I think there is an analogy to meditation. In meditation practice, I often find myself distracted by thoughts and emotions and sensations. But there comes a point when I get to choose to stop paying attention to my own thoughts or to surrender. If I do surrender, then a remarkable thing sometimes happens. It is hard to describe.  “I” am no longer there. Where I am exactly, I don’t know. I am not asleep since I will transiently notice a noise or a breeze. Then, after a while, I return. I don’t know where I’ve been. But I do know that I am now in a very different frame of mind.  And if I go immediately to the wards, the conversations with patients and families are on a much deeper level.

Surrender of control

Patients who surrender, surrender control. Surrender of control means that one recognizes one’s powerlessness in the face of mortality. This is no mere acquiescence to the ultimate but an affirmation of it. 

Surrender of self

In the Judeo-Christian tradition, the Book of Job is a dramatic story of surrender of the “small s” self.

The philologist and scholar, Stephen Mitchell, has produced a remarkable translation of the Book of Job. He renders Job’s last words like this:

“I had heard of you with my ears;

but now my eyes have seen you.

Therefore I will be quiet,

comforted that I am dust.”

In his superb introduction to the translation, Mitchell says: “We need to notice that Job’s final words issue from surrender . . . the whole hearted giving-up of oneself.” And “once Job has learned to surrender, his world gives up the male compulsion to control. . . .His surrender is both the ultimate generosity and the ultimate poverty, because in it the giver becomes the gift.  He is no longer a servant, who fears God and avoids evil.  He has faced evil, has looked straight into its face and through it, into a vast wonder and love.  But instead of bursting into adoration, Job remains a hairsbreadth away from silence.  His final words are a miracle of tact.  We are not told the details of his realization; that isn’t necessary; everything is present in the serenity of his tone . . .”

To what or whom does one surrender?

Surrender to mystery

Nonreligious patients who are dying sometimes talk about surrender to mystery. Dr. Michael Kearney in his excellent book, Mortally Wounded, describes a Jungian psychological model of the surface mind and the deep mind. Surface mind is the domain of the ego, the “small s” self.  Deep mind is the domain of the spirit, the “large S” Self. The “deep center” is “what at the core of our being is ultimately unnamable, that which is deepest in us, the essence of who we are.”  Kearney’s book concerns the extreme case of patients who are literally dying in agony, in such pain that nothing we offer seems to help. He posits that such patients are in existential, rather than purely physical, pain. He describes a psychotherapeutic technique for helping these patients. “Healing,” he says, “comes through the patient choosing to descend from the surface to the deep, even though not knowing what will happen next.”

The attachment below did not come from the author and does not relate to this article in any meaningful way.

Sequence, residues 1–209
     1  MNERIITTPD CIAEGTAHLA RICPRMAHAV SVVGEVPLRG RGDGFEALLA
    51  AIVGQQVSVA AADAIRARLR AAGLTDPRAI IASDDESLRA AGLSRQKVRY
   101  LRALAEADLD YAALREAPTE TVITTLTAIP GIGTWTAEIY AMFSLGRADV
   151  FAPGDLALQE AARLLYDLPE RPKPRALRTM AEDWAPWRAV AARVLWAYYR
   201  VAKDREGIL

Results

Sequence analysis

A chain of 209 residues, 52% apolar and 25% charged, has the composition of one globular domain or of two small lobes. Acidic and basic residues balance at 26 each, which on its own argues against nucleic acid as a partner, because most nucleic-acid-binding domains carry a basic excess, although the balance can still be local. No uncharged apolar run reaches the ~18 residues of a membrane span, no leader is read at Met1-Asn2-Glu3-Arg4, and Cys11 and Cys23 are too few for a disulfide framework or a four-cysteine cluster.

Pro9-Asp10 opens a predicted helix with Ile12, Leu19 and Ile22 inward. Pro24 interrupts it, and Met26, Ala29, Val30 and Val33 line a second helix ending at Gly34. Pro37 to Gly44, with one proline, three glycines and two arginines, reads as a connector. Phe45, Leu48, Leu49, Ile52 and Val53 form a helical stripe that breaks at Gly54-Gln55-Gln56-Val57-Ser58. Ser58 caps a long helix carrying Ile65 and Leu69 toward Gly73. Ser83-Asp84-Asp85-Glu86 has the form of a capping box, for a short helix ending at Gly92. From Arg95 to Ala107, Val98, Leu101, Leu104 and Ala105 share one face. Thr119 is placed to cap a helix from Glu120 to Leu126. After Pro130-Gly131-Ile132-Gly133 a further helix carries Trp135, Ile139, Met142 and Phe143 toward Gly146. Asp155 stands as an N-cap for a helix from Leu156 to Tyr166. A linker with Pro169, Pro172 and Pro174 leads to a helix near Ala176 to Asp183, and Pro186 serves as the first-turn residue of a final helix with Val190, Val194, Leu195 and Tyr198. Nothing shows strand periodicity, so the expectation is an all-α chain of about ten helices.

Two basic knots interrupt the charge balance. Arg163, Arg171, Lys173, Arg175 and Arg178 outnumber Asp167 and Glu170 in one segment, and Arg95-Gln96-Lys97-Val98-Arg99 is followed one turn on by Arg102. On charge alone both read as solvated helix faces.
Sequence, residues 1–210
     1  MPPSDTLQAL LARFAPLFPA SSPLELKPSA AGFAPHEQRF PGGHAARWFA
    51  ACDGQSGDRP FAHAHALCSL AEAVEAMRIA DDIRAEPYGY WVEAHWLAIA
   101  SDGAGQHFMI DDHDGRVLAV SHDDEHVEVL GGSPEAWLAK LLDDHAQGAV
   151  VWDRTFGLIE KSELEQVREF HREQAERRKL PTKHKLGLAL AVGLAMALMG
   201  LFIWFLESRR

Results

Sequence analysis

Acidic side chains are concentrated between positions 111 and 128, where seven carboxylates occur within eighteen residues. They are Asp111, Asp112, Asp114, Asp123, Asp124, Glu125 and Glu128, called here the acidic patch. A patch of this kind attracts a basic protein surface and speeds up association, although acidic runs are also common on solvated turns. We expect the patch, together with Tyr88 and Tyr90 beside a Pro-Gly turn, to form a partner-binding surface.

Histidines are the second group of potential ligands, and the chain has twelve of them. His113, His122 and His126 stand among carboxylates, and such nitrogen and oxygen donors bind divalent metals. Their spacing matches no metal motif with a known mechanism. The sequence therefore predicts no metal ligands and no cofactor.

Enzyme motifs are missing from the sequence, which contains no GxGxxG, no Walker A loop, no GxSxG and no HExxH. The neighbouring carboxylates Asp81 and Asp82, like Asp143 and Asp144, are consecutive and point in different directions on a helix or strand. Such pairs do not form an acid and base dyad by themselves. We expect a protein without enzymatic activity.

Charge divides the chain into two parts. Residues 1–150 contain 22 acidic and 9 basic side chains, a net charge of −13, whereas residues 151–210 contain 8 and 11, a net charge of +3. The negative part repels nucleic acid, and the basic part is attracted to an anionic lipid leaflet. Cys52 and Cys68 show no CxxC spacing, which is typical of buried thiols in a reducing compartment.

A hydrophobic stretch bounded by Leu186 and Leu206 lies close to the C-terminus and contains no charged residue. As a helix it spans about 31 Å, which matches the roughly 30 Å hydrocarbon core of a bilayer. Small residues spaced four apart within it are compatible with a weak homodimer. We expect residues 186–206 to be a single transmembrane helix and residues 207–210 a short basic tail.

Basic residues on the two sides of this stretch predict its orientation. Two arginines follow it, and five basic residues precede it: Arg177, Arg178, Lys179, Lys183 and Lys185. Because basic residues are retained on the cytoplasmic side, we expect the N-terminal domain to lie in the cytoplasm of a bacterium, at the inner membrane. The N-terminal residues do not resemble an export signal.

Surrender to God

Other dying patients talk about surrender in frankly religious terms. I refer them to a little gem of a book entitled, Poverty of Spirit, by Johannes Metz. “We only find ourselves,” he says, “when we lose ourselves.”

“To be able to surrender oneself and become ‘poor’” he says, “is . . . to be with God, to find one’s hidden nature in God, in short, it is ‘heaven.’ To stick to oneself and to serve one’s own interests is to be damned, it is ‘hell.’”

About the dying process, Metz writes, “Man slips away from himself entirely. His . . . destiny is taken out of his grasp. In the obedient and suffering acceptance of these depths of powerlessness, man is left with only the power of self-abandonment.” But, “in abandoning himself to poverty, man abandons himself to God–whether he consciously realizes it or not. 

“How do you know when someone has surrendered?”

A student once asked me this question.

“Just by looking at him,” I replied.

All of us working in end-of-life care have witnessed the transformation that can follow a patient’s surrender.  Sometimes, observers mistake the profound change in attitude as one of resignation–of “giving up,” or as one of fatigue–“being too tired to fight anymore.”  But a look into the patient’s eyes is enough to know that surrender has occurred, and that it has transformed her.

In this, the dying–our dying, those you and I have loved and cared for–have much to teach us, the living.

Stephen McPhee, MD, recently retired as Professor of Medicine at the UCSF Medical Center. He was founder of the UCSF Palliative Care Center. This post is an edited version of three posts originally published on the Age with Spirit blog.